As a quick aside, I see a lot of people use the Linux cat command and more commands this way:
locate command lets you easily find files in the filesystem. It works by maintaining a system-wide database of "all files which are publicly accessible". The database itself is updated periodically by a background process. Because of this approach it returns results much faster than the
find command, which only looks for files when you tell it to. Depending on your system, the
locate command may need to be configured initially, or it may be pre-configured to work out of the box.
As its name implies, the Linux
mkdir ("make directory") command lets you create new directories.
Creating a new directory in your current directory is very simple. In our first mkdir example, we'll show how to create a new directory named "dir1":
If you want to create several directories at one time you can use a mkdir command like this:
Linux head/tail FAQ: Can you share some examples of the Linux head and tail commands?
Sure. The Linux head and tail commands are very similar, so I've included them here together. The head command command prints lines from the beginning of a file (the head), and the tail command prints lines from the end of files. There's one very cool extra thing you can do with the tail command, and I'll show that in the tail example commands below.
cat command means "concatenate and print files". Usually all I use it for is to display a file's contents, like this command that displays the contents of a file named "lighten-images.sh":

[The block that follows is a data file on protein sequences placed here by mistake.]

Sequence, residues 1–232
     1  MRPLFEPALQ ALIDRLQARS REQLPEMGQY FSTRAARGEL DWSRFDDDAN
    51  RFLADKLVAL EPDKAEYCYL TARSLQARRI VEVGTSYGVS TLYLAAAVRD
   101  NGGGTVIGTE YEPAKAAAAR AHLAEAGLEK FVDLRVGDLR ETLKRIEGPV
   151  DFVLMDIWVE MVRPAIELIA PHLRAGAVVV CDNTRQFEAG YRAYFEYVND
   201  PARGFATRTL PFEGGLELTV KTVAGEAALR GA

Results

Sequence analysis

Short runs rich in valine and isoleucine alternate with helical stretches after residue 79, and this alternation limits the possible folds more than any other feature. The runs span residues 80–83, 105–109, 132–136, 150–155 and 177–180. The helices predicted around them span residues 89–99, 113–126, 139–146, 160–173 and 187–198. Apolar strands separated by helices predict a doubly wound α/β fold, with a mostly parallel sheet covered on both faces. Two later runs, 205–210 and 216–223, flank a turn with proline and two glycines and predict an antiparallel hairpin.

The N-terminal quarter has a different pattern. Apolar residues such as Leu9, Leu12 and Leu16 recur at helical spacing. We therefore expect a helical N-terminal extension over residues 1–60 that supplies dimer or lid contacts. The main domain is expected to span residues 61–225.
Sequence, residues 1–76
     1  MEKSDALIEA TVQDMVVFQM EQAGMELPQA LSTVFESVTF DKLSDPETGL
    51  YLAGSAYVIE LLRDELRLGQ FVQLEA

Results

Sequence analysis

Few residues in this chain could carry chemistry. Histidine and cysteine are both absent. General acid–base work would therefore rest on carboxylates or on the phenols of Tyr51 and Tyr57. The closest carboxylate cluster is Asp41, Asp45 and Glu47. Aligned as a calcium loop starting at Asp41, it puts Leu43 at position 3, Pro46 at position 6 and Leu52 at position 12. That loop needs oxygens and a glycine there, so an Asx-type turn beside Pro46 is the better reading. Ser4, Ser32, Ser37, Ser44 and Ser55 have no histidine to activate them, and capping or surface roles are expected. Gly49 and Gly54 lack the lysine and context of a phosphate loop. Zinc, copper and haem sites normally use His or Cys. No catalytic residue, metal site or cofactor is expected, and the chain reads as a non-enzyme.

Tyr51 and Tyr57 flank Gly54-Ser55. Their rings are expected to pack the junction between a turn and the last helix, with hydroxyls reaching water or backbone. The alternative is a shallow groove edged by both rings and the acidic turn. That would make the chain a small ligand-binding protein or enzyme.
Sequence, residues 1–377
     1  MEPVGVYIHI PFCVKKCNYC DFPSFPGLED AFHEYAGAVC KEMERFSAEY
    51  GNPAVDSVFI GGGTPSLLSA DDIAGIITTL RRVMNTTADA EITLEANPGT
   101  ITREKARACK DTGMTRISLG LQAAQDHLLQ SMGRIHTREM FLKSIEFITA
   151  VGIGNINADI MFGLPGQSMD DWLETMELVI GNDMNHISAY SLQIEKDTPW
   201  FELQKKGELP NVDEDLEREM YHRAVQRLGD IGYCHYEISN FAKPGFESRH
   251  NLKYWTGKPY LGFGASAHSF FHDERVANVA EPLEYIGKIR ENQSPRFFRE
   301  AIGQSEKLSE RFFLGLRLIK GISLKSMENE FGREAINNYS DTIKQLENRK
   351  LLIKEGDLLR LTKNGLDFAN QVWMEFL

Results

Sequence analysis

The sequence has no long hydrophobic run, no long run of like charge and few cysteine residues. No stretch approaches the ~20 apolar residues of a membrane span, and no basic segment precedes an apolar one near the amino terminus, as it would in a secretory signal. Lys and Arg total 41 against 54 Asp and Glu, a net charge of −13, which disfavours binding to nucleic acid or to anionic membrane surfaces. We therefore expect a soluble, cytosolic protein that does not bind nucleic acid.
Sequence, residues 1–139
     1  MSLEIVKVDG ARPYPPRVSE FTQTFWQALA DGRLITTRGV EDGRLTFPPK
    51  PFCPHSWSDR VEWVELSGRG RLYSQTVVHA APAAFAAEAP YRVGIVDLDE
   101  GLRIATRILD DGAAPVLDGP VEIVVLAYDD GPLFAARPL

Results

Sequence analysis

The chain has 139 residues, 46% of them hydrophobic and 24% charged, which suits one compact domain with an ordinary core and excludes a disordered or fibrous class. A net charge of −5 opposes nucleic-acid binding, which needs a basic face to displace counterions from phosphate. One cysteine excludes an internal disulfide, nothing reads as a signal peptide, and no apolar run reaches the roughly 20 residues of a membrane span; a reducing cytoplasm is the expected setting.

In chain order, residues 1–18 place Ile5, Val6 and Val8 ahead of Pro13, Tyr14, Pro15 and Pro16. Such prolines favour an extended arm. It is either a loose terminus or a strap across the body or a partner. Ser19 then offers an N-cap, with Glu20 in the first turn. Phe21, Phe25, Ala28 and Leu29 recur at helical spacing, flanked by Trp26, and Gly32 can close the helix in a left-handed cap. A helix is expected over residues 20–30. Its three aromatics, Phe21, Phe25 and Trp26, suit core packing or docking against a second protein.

Whew, getting all the images together for the Tame Swing sample applications is taking a little time and a lot of effort. I hadn't thought about how to organize it, and now that I have a better feel for what I want to do it's just a matter of time.
If you want to see the images of the running applications I do have them on a temporary page here. Please note that this page may change at any time.
Question: How do I convert a String to a double with Java?
Answer: Converting a String to a
double requires that you first convert the
String to a
Double object, then convert the
Double object to a
double data type (
Double is an object, while
double is a primitive data type).
Here's the source code for an example Java program that performs this conversion:
Java file writing FAQ: How do I append text to the end of a text file in Java?
The short answer is that you should create a
FileWriter instance with the append flag set to true, like this:
BufferedWriter bw = new BufferedWriter(new FileWriter("checkbook.dat", true));
The rest of this article explains this.
Java String/float FAQ: How do I convert a Java String to a float?
Converting a String to a float requires that you first convert the String to a Float object, then convert the Float object to a float data type (Float is an object, while float is a primitive data type).
An example of a simple program that performs this conversion is shown below:
Question: How do I convert a String to a long with Java?
Answer: The Long class includes a method named
parseLong() that serves just this purpose. An example of a simple program that performs this conversion is shown below: